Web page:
Ramat Gan, a Tel Aviv suburb with a population of around 155,000, beats all major cities in the country in terms of life quality, according to a report published last week by the Israeli Central Bureau of Statistics. The report measured 49 parameters including median household income, life expectancy, and the number of overweight children. Israelis, many of whom consider Ramat Gan to be a gritty, lackluster town, took to social media to mock the report. One user went as far as to jokingly ask if bribes were involved.
Ramat Gan’s demographics include families with children and retirees as well as students seeking housing nearby to academic institutes including the Bar-Ilan University. Ramat Gan is also home to one of the world’s largest diamond exchanges, to Israel’s biggest zoo, the Zoological Center Tel Aviv-Ramat Gan, and to many of Israel’s tech companies. It is also home to some of the country’s foreign ambassadors, who choose to reside outside of Tel Aviv, where most embassies are located.
The town scored above the national average on 29 parameters, including household income, life expectancy, the number of high-school graduates, urban density, and employment satisfaction. It scored lower noise disturbance, trust in the government, and self-belief in the ability to solve problems. The town also scored above average on public transportation, a fact that did not deter three different mobility companies from launching their pilots in the area: Bird, Mobike, and Lime. Chinese Ofo also tried its luck in the town but pulled out of Israel three months later.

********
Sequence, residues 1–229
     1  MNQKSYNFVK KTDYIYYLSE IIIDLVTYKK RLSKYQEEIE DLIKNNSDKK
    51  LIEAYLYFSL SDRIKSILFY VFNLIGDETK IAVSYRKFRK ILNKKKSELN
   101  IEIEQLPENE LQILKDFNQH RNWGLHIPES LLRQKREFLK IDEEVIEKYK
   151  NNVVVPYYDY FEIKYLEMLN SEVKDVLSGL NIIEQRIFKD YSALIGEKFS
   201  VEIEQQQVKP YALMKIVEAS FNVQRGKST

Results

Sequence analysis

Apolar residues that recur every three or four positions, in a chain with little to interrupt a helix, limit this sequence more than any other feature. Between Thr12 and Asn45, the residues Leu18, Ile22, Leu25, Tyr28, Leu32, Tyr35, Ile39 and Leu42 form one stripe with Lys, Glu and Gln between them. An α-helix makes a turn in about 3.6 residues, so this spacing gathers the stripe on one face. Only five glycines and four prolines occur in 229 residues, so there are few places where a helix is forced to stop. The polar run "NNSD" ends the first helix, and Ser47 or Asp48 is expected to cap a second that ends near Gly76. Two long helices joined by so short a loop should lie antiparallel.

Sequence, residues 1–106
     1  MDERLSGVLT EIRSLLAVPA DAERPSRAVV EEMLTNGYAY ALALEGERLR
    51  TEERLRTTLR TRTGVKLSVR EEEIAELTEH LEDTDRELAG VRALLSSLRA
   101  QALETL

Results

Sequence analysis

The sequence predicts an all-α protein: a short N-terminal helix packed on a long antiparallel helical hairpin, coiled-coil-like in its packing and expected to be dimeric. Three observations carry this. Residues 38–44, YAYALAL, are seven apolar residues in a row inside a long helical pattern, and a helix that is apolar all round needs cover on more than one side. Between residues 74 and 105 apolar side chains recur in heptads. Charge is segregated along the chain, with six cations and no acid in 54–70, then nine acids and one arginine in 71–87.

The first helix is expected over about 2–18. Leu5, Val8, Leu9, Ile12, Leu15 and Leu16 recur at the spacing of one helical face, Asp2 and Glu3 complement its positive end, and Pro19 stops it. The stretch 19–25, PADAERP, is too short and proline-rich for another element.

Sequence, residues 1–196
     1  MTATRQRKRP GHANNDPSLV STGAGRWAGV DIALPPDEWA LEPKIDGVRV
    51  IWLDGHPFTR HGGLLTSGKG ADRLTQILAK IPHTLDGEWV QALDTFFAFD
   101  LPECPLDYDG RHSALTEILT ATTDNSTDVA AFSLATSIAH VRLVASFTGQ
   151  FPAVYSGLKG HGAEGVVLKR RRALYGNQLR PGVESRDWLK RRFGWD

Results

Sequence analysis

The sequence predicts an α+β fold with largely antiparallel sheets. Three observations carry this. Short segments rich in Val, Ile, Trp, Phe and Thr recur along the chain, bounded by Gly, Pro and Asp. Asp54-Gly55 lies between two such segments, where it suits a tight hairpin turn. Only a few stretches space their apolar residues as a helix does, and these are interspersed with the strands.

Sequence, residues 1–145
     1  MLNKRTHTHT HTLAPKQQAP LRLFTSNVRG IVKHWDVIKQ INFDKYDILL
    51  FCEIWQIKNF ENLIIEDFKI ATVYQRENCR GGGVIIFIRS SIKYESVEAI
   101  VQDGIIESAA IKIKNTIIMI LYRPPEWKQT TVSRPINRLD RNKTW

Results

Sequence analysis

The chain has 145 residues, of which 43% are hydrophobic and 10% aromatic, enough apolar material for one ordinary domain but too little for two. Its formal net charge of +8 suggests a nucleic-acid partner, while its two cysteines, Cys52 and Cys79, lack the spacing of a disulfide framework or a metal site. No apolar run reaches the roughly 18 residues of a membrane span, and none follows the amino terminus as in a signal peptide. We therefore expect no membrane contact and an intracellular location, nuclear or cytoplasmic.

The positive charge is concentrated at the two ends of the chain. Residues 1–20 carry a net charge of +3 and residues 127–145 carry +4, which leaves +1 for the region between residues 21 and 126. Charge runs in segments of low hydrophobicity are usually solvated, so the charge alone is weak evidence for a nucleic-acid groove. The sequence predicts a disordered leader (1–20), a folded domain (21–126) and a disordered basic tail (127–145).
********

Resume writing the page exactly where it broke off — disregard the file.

Israel’s economic and cultural capital Tel Aviv came in fourth place, up from seventh last year. Scoring high on employment rates, high-school graduation rates, and self-perceived health estimates, it scored low on noise pollution, cancer rates, and the number of smokers.
State capital Jerusalem came in at 12 out of the 14 cities surveyed, scoring lower than the national average on 35 parameters. Residents came in first place on two parameters—hope for the future and recycling—but lagged far behind on issues like average income per household and high-school graduation rates.
Coastal town Bat Yam closed the list at 14. Part of the Tel Aviv metropolitan area with a population of around 130,000, the town scored below the national average on 23 out of its 33 available parameters. Bat Yam scored well on baby mortality and the number of fatal car accidents, but scored last on parameters such as life expectancy, financial satisfaction, and the number of overweight children.
This article was written by Lilach Baumer and published in CalCalisTech